13. Oh, one other thing about using a tripod. Turn off any VR/IS on the lenses. That has a counter productive effect on a sharp image shot with a tripod.
  14. Thanks everyone.. I've been practising and surprisingly I didn't get too bad a result for 1/60th- ISO 800 and even pushed it to 1/40th -1600, both F4.8 - its 'dooable' I suppose, as long as no one starts disco dancing... and I had it on continous shooting, (was recording my son and daughter by the way), indoors, rainy overcast dim day. (from two rooms away) I think I will defo invest in a better lens though and the noise software. I'm also ruling out the Program mode as its just not to realiable with all the motion blur in this situation..
    Thanks again :)
  15. Jerilee, manual is prefered in a set environment for sure.
  16. William Michael

    William Michael Moderator Staff Member

    “I've been practising and surprisingly I didn't get too bad a result for 1/60th- ISO 800 and even pushed it to 1/40th -1600, both F4.8 - its 'dooable' I suppose, as long as no one starts disco dancing... and I had it on continous shooting,”

    When using a wider to normal lens the apparent subject movement is often less than when using a telephoto lens. In the example there is a slight movement in the Girl’s right hand, but this movement is not apparent in the full frame crop of the image, which was taken with a 35mm lens.

    I was very careful the way I worded my comments about what is too slow or not to capture “still” subjects and I am certainly not arguing that slower than 1/80s cannot be sustained for the whole day - I like to know where those limits are – I collect “limits” many of which are in my portfolio, here at Photonet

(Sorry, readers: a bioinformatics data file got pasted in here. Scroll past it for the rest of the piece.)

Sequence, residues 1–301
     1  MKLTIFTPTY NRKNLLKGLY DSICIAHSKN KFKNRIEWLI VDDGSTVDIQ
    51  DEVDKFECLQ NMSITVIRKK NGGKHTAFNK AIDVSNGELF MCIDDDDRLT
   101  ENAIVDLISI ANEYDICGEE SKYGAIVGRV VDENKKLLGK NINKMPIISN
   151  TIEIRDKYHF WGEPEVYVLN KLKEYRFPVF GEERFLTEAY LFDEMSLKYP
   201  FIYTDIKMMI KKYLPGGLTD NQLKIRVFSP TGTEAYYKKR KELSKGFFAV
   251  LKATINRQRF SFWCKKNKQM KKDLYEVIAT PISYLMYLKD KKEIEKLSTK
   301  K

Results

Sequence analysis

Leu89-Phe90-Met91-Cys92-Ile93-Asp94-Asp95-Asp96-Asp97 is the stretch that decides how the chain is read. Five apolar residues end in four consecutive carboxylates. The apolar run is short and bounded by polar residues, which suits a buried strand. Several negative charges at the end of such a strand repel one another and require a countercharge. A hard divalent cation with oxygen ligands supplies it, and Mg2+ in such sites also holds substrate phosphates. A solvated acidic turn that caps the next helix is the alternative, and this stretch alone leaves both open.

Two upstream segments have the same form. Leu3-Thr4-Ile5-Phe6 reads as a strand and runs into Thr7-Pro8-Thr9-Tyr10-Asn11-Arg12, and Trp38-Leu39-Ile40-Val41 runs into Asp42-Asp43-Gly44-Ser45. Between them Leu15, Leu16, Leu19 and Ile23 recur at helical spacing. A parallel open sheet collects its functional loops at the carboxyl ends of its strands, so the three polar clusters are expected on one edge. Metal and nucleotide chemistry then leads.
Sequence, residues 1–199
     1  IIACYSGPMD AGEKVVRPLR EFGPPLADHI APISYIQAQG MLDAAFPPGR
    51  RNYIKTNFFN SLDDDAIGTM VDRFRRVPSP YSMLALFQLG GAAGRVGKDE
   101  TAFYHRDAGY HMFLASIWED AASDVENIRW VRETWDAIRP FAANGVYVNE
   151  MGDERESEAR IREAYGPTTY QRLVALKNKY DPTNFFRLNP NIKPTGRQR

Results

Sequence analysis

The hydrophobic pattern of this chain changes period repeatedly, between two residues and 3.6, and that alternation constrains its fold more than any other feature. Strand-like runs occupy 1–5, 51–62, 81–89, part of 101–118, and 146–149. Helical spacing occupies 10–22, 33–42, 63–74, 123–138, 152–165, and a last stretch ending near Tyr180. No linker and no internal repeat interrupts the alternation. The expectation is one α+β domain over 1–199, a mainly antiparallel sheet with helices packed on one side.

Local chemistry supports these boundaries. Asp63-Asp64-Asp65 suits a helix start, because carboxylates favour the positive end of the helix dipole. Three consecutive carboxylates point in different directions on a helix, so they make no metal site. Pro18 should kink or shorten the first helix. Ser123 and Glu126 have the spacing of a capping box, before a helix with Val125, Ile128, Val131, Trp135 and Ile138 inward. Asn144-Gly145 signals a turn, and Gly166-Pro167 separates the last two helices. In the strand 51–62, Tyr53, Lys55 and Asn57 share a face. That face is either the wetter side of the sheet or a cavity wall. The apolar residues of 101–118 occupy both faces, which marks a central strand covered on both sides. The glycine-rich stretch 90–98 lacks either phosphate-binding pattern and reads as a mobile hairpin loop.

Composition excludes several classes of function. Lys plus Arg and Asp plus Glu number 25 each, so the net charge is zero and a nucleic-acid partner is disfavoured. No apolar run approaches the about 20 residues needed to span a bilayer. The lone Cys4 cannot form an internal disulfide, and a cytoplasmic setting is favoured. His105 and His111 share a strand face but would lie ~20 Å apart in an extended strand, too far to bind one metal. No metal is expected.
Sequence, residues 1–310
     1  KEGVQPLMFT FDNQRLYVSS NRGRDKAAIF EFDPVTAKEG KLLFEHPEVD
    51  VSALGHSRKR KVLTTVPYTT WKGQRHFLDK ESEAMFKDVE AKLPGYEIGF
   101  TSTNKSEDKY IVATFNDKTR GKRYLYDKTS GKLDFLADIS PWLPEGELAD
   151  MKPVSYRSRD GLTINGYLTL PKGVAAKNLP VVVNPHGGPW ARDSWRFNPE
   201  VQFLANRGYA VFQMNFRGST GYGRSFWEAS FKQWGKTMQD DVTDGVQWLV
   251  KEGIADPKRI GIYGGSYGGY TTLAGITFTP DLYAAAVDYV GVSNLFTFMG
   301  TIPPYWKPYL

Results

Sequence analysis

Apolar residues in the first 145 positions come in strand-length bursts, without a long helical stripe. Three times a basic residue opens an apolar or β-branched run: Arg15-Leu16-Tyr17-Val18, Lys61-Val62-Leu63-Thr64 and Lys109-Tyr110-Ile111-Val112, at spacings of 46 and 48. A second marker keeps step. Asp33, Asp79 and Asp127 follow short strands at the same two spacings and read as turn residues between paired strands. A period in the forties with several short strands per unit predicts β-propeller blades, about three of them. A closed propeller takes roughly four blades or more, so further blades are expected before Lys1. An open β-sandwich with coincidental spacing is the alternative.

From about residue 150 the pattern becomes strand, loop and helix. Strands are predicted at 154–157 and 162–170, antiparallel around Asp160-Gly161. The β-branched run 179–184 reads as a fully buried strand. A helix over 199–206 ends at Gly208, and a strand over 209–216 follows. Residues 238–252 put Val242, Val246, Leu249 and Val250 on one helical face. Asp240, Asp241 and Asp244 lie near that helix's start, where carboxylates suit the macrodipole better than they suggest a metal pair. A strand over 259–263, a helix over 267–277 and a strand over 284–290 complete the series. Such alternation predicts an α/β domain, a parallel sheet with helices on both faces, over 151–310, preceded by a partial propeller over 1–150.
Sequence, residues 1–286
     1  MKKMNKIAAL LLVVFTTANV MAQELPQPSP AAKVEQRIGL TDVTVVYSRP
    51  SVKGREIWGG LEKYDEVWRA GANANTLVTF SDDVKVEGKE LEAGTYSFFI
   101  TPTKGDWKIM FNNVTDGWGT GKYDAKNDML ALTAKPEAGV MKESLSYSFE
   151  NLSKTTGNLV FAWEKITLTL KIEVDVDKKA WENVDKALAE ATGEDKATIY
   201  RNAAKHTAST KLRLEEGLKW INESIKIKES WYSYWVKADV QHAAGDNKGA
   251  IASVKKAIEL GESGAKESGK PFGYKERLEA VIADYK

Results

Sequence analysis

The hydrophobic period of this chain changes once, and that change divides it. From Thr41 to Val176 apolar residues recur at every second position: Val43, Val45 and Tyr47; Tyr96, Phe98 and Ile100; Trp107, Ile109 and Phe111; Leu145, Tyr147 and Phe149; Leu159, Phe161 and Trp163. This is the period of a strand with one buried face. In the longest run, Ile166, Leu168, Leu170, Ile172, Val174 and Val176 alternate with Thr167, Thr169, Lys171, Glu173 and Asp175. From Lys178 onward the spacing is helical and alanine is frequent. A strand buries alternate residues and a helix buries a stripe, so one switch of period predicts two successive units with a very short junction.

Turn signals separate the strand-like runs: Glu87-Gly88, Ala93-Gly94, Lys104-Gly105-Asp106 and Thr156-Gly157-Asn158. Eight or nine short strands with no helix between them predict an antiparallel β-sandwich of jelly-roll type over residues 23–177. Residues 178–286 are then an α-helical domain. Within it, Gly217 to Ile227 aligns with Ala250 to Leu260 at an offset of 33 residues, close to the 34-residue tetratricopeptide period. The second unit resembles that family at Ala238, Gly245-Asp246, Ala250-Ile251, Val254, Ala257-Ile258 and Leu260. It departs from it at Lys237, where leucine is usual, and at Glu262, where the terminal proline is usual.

On this thread I noted that Jerilee was speaking of the rear of the Church and using a 70 to 300 - which is a telephoto lens, and especially long FL on an APS-C / DX camera, and so it is logical to assume that Jerilee might not have had many flying hours up at pulling this particular type of shot, but subsequently, she has been practicing to find just where the limits might be – that’s great - my initial advice was predicated upon moving Jerilee to a safer Tv of maybe 1/125s, rather than pushing any limits of slow Tv, to begin: but I don’t have any hesitation in agreeing that much slower Tv can be employed well, by many Photographers.

    As you (Jerille) are now practicing and finding your limits of a slower Tv when using a tripod from the rear of the Church and a telephoto lens you might consider the following points:

    Continuous shooting is NOT necessarily your best friend, because with many DSLRs at Shutter speed between (approximately) 1/8s and 1/60s the resultant vibration of the camera’s mirror-slap causes the camera to move slightly.

    Why I mention these speeds specifically is because –when the mirror slap produces a camera movement - it is for a very short period of time that the camera is actually moving (vibrating) – but at the Shutter Speeds mentioned, that period of camera vibration is quite a large % of the overall exposure time.
    Often for this range of shutter speeds (1/8s to 1/60s) a better method is to use single shot and to use mirror LOCK-up, when using a Tripod.
    A camera on a tripod can be “damped” by using a large heavy garment to cover it and at the same time applying a slight downward pressure centrally over the vertical axis of the centre of he tripod. Also the shutter release (if not using a remote) is then gently squeezed.
    Also, specific to Weddings and similar “solemn” occasions . . . the “rat-are-tat-tat” of machine gun capture is often the Photographer’s one way exit ticket to banishment.